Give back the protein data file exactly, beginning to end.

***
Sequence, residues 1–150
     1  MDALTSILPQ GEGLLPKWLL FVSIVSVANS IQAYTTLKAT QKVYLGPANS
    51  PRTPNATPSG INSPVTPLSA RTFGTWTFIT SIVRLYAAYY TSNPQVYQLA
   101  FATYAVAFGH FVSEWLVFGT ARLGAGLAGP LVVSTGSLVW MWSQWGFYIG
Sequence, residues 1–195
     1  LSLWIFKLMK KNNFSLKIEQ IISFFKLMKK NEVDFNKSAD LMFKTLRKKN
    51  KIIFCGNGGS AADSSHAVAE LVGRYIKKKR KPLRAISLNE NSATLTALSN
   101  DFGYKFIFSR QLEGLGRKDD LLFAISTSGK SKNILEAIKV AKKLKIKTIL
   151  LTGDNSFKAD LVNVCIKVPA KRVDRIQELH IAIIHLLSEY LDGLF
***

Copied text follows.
Sequence, residues 1–150
     1  MDALTSILPQ GEGLLPKWLL FVSIVSVANS IQAYTTLKAT QKVYLGPANS
    51  PRTPNATPSG INSPVTPLSA RTFGTWTFIT SIVRLYAAYY TSNPQVYQLA
   101  FATYAVAFGH FVSEWLVFGT ARLGAGLAGP LVVSTGSLVW MWSQWGFYIG
Sequence, residues 1–195
     1  LSLWIFKLMK KNNFSLKIEQ IISFFKLMKK NEVDFNKSAD LMFKTLRKKN
    51  KIIFCGNGGS AADSSHAVAE LVGRYIKKKR KPLRAISLNE NSATLTALSN
   101  DFGYKFIFSR QLEGLGRKDD LLFAISTSGK SKNILEAIKV AKKLKIKTIL
   151  LTGDNSFKAD LVNVCIKVPA KRVDRIQELH IAIIHLLSEY LDGLF